I had a “conversation” with Keith Rabois yesterday on Twitter about why a Founder sells his company. Our conversation was in a response to a blog post by Bijan Sabet in which Bijan makes the case that selling a startup allows a founder the opportunity to create something new. Keith responded that founders only sell a company “out of fear”:
With all due respect, I think that Keith misinterpreted those situations. Here’s why:
Founders Live in A Constant State of Fear
Founders are always scared. It never ends no matter how much you grow. We live in constant fear of growth stopping, employees leaving, running out of cash, of messing it up somehow or a dozen other things. It is the reason we don’t sleep, but it is not the primary reason we sell.
One Crazy Fucking Journey
It is impossible to explain the emotional roller coaster a founder goes through to a non-founder. It takes an insane amount of courage to risk everything and do it in the open. A founder puts her personal reputation on the line, not to mention the money of her friends and family. Those early days are so hard. Sean Parker likened it to “eating glass.” That’s about right.
The Breakthrough Moment
And then it happens. Product/Market fit. The moment you realize, “I have proof that I am not an incompetent idiot.” Oh damn, it feels so good. Your family is going to make money by believing in you and you don’t look like a fool. You sleep well that night.
The Right Hook
Oh crap, I didn’t see that coming. That hurts a lot. I thought it was going to be smooth sailing, but now it feels like this boat is taking on a lot of water. What happened? Well, I am not going to feel bad for myself, time to put the war paint on again. And shame on me for ever taking it off.
Rinse and Repeat
This battle goes on and on. Starting a company and building it is really hard. And it is really EXHAUSTING. The constant fire fighting, the constant highs and lows. It takes a toll.
And Then One Day..
You look backward. You look at the journey you have been on. The victories and the defeats. Maybe your are now married or you now have kids. Or you feel that running your company isn’t as much fun as it used to be. Founders are adrenaline junkies, and releasing version 7.12 just isn’t the same as 1.0.
How It Ends
The Founder intuitively knows when it’s over. They intuitively know what their company is capable of. What battles it can win and which ones it can’t. More frankly, a founder knows what battles she is capable of winning, or frankly wants to wage.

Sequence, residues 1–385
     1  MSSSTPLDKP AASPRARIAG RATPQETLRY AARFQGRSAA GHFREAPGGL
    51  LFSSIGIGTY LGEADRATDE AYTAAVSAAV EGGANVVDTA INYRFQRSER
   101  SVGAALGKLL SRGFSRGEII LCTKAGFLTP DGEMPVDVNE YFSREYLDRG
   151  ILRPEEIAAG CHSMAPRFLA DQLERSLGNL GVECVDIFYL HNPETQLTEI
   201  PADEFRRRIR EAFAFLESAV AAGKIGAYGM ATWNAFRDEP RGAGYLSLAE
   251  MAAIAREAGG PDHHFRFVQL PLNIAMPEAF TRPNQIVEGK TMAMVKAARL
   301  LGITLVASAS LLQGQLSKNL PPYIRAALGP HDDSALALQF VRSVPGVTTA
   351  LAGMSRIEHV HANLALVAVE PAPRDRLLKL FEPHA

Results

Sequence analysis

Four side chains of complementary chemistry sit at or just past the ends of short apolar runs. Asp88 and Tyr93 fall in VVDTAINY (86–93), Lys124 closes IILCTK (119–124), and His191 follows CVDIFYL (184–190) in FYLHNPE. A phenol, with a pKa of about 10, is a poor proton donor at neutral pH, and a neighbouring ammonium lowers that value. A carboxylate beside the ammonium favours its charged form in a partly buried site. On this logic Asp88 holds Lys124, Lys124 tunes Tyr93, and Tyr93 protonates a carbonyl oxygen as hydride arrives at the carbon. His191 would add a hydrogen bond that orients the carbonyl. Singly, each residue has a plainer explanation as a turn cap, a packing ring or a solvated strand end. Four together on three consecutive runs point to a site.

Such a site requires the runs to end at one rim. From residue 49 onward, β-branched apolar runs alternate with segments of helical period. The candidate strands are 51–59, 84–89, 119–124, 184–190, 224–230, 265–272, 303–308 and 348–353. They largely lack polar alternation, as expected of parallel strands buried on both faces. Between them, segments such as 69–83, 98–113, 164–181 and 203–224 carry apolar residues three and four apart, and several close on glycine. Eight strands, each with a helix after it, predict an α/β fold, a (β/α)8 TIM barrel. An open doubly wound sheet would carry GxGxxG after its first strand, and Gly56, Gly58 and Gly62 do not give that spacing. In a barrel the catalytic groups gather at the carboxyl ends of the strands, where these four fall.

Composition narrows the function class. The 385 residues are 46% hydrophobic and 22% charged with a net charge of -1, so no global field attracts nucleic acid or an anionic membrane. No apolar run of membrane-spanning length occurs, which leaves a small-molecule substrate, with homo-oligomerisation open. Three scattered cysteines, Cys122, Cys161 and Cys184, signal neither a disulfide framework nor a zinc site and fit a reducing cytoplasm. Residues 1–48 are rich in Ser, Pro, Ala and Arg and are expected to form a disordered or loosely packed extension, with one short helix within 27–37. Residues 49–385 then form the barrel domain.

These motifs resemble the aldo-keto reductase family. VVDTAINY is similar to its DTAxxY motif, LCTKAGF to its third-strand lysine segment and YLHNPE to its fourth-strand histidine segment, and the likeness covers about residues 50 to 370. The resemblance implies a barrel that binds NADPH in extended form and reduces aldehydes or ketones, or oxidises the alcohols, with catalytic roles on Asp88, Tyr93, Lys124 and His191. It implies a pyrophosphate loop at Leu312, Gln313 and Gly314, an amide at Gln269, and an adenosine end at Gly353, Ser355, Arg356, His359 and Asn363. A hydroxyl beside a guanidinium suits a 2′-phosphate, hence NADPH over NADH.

We Don’t Sell Based on Fear
I have just listed several legitimate reasons why a founder concludes it is time to move on to another battle. There are many others. But one you won’t read is fear. The reason is that we have faced fear for so long by that point that we are numb to it. We take risk in stride by now. Actually, it kinda turns us on in a sick way.
What Keith Heard
There is zero doubt in my mind that Keith heard fear in every single conversation he referenced. Founders love to talk about their fears to advisors. It is a great way to vent. But fear of a new event is just a trigger that forces us to ask ourselves whether we want to fight this fight. The reality is sometimes you just want to take your chips off the table and play a new game. And as Bijan wrote, sometimes that is a great thing for everyone.
One thought on “Why a Founder Sells”
I would have to agree that it is not ‘fear’ per se that often pushes a founder over the edge but I would offer another point to the conversation. Businesses often reach a point where:
a) they outgrow the founders capability and/or;
b) they reach a point where they can sustain themselves but are not in a place where they are innovative and able to change the business with the market but rather are ‘stuck’ in the old flat business
I think in both cases the founder realizes that they are no longer the person to take the business to the next level and need help. Bringing in this helps by design means giving up control as the founder is self aware that they are not the solution. Mentally, giving up control is easier is often easier if you are taking your chips off the table (i.e. exit through a full sale).
Many (not all) founders have a hard time keeping all of their life equity in a company they built that they allow someone else to control entirely. Additionally the CEO coming in with the founder staying as ‘Chair’ or VP Development or Co-CEO or whatever is a relationship that is not impossible but certainly wrought with danger.
I don’t think this is fear but rather self-realization and choosing the least painful (in their opinion) option available to them once that realization is truly made and accepted.
Just my thoughts…